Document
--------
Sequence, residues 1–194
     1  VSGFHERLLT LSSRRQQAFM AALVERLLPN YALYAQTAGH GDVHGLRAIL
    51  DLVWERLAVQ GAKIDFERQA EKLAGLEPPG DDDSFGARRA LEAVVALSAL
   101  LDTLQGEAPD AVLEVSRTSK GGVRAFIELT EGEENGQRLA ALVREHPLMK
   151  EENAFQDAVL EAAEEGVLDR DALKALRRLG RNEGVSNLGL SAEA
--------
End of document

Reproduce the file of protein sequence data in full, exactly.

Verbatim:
Sequence, residues 1–194
     1  VSGFHERLLT LSSRRQQAFM AALVERLLPN YALYAQTAGH GDVHGLRAIL
    51  DLVWERLAVQ GAKIDFERQA EKLAGLEPPG DDDSFGARRA LEAVVALSAL
   101  LDTLQGEAPD AVLEVSRTSK GGVRAFIELT EGEENGQRLA ALVREHPLMK
   151  EENAFQDAVL EAAEEGVLDR DALKALRRLG RNEGVSNLGL SAEA